Details of each Contributor to which your personal data will be transferred is clearly stated within the Content that you access. For full details of how this Contributor will use your personal data, you should review the Contributor’s own Privacy Notice.

Please indicate your preference below:

Yes, I am happy to support Mondaq in maintaining its free to view business model by agreeing to allow Mondaq to share my personal data with Contributors whose Content I access
No, I do not want Mondaq to share my personal data with Contributors

Also please let us know whether you are happy to receive communications promoting products and services offered by Mondaq:

Yes, I am happy to received promotional communications from Mondaq
No, please do not send me promotional communications from Mondaq
Terms & Conditions

Mondaq.com (the Website) is owned and managed by Mondaq Ltd (Mondaq). Mondaq grants you a non-exclusive, revocable licence to access the Website and associated services, such as the Mondaq News Alerts (Services), subject to and in consideration of your compliance with the following terms and conditions of use (Terms). Your use of the Website and/or Services constitutes your agreement to the Terms. Mondaq may terminate your use of the Website and Services if you are in breach of these Terms or if Mondaq decides to terminate the licence granted hereunder for any reason whatsoever.

Use of www.mondaq.com

To Use Mondaq.com you must be: eighteen (18) years old or over; legally capable of entering into binding contracts; and not in any way prohibited by the applicable law to enter into these Terms in the jurisdiction which you are currently located.

You may use the Website as an unregistered user, however, you are required to register as a user if you wish to read the full text of the Content or to receive the Services.

You may not modify, publish, transmit, transfer or sell, reproduce, create derivative works from, distribute, perform, link, display, or in any way exploit any of the Content, in whole or in part, except as expressly permitted in these Terms or with the prior written consent of Mondaq. You may not use electronic or other means to extract details or information from the Content. Nor shall you extract information about users or Contributors in order to offer them any services or products.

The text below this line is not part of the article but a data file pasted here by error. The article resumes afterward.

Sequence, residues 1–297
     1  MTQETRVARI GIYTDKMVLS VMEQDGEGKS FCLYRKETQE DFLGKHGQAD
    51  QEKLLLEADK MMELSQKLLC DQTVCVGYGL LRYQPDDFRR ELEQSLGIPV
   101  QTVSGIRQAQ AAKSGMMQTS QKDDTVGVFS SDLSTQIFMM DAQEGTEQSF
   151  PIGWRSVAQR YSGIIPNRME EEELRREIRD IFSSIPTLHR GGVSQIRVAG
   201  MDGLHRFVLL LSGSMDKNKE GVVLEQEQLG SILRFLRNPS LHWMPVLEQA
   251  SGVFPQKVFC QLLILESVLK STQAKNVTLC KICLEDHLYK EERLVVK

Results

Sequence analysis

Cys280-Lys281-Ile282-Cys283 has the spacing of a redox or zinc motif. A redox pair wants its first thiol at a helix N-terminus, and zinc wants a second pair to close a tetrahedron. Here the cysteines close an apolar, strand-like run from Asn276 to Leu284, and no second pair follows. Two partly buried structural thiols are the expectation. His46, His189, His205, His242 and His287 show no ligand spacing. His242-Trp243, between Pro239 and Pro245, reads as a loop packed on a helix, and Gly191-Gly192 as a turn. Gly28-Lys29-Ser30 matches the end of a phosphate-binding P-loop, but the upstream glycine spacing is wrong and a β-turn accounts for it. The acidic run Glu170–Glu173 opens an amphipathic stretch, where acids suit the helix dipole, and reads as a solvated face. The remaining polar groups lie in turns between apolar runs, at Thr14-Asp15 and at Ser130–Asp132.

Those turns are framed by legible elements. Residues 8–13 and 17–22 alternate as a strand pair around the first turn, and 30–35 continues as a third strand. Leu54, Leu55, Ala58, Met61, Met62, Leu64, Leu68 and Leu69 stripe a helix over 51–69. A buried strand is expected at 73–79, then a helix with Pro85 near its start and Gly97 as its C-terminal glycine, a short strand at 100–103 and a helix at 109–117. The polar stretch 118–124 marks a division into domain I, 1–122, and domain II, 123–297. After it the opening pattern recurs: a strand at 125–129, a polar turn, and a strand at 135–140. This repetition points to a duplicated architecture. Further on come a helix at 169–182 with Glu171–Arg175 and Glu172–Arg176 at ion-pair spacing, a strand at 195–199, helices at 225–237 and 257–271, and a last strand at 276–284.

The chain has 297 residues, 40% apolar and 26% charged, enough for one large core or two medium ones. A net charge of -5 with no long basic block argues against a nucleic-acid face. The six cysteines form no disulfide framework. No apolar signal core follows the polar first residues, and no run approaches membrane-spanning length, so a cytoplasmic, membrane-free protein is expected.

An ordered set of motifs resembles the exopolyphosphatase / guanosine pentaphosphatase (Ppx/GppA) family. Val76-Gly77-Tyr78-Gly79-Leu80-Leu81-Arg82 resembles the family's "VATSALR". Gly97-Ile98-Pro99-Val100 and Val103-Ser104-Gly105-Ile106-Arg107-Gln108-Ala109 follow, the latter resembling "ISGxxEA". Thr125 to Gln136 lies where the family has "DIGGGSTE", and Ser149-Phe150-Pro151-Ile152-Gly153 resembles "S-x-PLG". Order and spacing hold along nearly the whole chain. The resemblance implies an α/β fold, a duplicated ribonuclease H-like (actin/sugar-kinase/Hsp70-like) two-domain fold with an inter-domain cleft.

In your use of the Website and/or Services you shall: comply with all applicable laws, regulations, directives and legislations which apply to your Use of the Website and/or Services in whatever country you are physically located including without limitation any and all consumer law, export control laws and regulations; provide to us true, correct and accurate information and promptly inform us in the event that any information that you have provided to us changes or becomes inaccurate; notify Mondaq immediately of any circumstances where you have reason to believe that any Intellectual Property Rights or any other rights of any third party may have been infringed; co-operate with reasonable security or other checks or requests for information made by Mondaq from time to time; and at all times be fully liable for the breach of any of these Terms by a third party using your login details to access the Website and/or Services

however, you shall not: do anything likely to impair, interfere with or damage or cause harm or distress to any persons, or the network; do anything that will infringe any Intellectual Property Rights or other rights of Mondaq or any third party; or use the Website, Services and/or Content otherwise than in accordance with these Terms; use any trade marks or service marks of Mondaq or the Contributors, or do anything which may be seen to take unfair advantage of the reputation and goodwill of Mondaq or the Contributors, or the Website, Services and/or Content.

Mondaq reserves the right, in its sole discretion, to take any action that it deems necessary and appropriate in the event it considers that there is a breach or threatened breach of the Terms.

Mondaq’s Rights and Obligations

Unless otherwise expressly set out to the contrary, nothing in these Terms shall serve to transfer from Mondaq to you, any Intellectual Property Rights owned by and/or licensed to Mondaq and all rights, title and interest in and to such Intellectual Property Rights will remain exclusively with Mondaq and/or its licensors.